Civil service ‘on track’ to meet apprenticeship target – but some departments lag behind

The Department for Education comfortably exceeded the target, but the Ministry of Justice among those below target


Less than 0.2% of staff at the MoJ were new apprentices in 2017-18. Photo: PA.

The civil service is set to meet the target for new apprentices to make up 2.3% of its workforce by March 2021, but new figures have revealed the differing rates of progress across government.

The statistics, published by the Cabinet Office, show 4,459 apprentices started in the civil service in 2017-18. The hires put the civil service well on its way towards the target.

The target was introduced by the then-Department for Business, Innovation and Skills in 2016, and requires most government departments and some other public sector bodies to create new apprenticeships equivalent to 2.3% of their overall staffing levels to boost social mobility.


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But although the Cabinet Office said it was "pleased" to be on track to meet the target across the civil service as a whole, progress across individual departments varied considerably, an analysis of the data by CSW shows. 

The Department for Education has already comfortably exceeded the target, with apprentices making up 2.7% of its workforce, but some others were much further from hitting the mark.

More than half of the apprentices across government departments were hired into either HM Revenue and Customs or the Department for Work and Pensions. HMRC’s 1,139 apprentice starts made up more than 1.8% of full-time equivalent staff at the agency, based on monthly workforce statistics from March 2018. At DWP, 1,123 new starts accounted for 1.5% of staff.

Despite hiring a much lower number of apprentices, the Department for Exiting the European Union was among the closest to reaching the target. Its much lower headcount than other departments meant its 14 new apprentices accounted for just over 2.2% of its staff.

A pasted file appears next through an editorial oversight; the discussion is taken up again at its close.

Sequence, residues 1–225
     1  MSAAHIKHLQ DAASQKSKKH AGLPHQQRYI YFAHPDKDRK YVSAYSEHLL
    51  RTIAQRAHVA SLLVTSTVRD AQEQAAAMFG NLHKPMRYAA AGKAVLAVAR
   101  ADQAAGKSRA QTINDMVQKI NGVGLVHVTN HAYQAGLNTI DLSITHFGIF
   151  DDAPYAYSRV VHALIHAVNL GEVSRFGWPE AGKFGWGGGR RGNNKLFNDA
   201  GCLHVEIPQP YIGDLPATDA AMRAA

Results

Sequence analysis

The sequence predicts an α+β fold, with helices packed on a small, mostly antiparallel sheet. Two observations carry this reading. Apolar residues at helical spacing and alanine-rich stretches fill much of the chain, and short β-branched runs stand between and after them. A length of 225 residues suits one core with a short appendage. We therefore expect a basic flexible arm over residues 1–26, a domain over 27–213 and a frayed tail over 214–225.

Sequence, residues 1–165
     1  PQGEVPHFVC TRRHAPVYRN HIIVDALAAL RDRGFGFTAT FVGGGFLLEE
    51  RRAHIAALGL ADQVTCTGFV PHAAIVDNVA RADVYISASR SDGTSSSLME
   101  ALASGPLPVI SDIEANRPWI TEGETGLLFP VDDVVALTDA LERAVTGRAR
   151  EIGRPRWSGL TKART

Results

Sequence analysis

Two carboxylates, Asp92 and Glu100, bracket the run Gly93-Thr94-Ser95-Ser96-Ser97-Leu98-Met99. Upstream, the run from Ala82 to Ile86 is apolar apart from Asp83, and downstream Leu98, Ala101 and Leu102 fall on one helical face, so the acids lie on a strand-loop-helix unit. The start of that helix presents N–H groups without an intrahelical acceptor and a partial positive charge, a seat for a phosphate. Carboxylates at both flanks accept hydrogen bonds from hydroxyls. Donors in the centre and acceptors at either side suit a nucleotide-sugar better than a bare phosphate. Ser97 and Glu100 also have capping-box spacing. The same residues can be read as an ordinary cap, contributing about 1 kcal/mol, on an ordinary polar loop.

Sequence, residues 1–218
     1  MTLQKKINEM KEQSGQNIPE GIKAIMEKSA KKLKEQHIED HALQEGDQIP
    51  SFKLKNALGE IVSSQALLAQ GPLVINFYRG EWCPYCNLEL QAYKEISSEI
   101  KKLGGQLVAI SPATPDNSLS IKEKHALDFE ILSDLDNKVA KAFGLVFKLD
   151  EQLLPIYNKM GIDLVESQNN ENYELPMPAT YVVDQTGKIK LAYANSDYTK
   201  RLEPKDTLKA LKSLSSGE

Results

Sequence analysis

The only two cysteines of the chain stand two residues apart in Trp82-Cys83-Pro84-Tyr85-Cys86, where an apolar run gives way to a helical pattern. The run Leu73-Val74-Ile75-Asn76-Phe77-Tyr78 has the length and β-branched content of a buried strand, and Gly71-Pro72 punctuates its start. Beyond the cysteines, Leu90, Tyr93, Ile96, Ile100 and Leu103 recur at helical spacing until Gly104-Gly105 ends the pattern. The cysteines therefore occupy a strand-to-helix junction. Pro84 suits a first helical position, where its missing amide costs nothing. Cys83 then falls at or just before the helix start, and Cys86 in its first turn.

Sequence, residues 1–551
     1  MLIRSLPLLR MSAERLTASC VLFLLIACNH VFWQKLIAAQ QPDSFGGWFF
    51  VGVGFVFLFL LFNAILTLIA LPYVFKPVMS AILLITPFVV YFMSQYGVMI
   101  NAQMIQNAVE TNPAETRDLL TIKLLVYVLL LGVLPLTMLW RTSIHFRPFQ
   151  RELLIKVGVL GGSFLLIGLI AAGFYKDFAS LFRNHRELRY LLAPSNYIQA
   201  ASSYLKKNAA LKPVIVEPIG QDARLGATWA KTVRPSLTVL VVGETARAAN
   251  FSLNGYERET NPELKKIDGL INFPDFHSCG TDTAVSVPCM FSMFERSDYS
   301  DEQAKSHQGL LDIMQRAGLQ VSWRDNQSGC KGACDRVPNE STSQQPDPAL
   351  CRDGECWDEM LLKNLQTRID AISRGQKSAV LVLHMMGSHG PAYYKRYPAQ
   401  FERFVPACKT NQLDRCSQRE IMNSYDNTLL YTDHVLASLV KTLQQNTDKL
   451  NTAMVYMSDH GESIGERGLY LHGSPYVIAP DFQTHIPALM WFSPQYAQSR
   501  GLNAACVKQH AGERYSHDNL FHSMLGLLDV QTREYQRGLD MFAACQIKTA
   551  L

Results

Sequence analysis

The Department for Business, Energy and Industrial Strategy was also close to meeting its goal after 285 apprenticeship new starts made up around 2.1% of its staff.

Some other departments had much further to go. New apprentices accounted for less than 0.2% of staff at the Ministry of Justice and its executive agencies.

A spokesperson for the ministry said the prisons, probation and courts services that make up the majority of its workforce have not historically used apprenticeships on a large scale, requiring it to build apprenticeship programmes from scratch.

The ministry is now in the process of trialling its first apprenticeship standard for prison officers, which has been developed over the last two years. “We are confident of reaching the government-wide target on time,” the spokesperson said.

The Department for Transport was also lagging behind, with new apprentices making up around 0.5% of its workforce.

The proportion was similar at the Department for International Trade, but as a new department it has had less time than others to put arrangements for apprentices in place.

Departments that missed the 2.3% goal have been given an “adjusted target” that will help them hit the target by March 2021, the Cabinet Office said.

“Apprentices are core to our ambition to become a brilliant civil service,” it said. “Not only do they support our commitment to building a broader set of skills in the civil service, but they allow us to offer more, varied careers that will help us retain and attract the best talent.”

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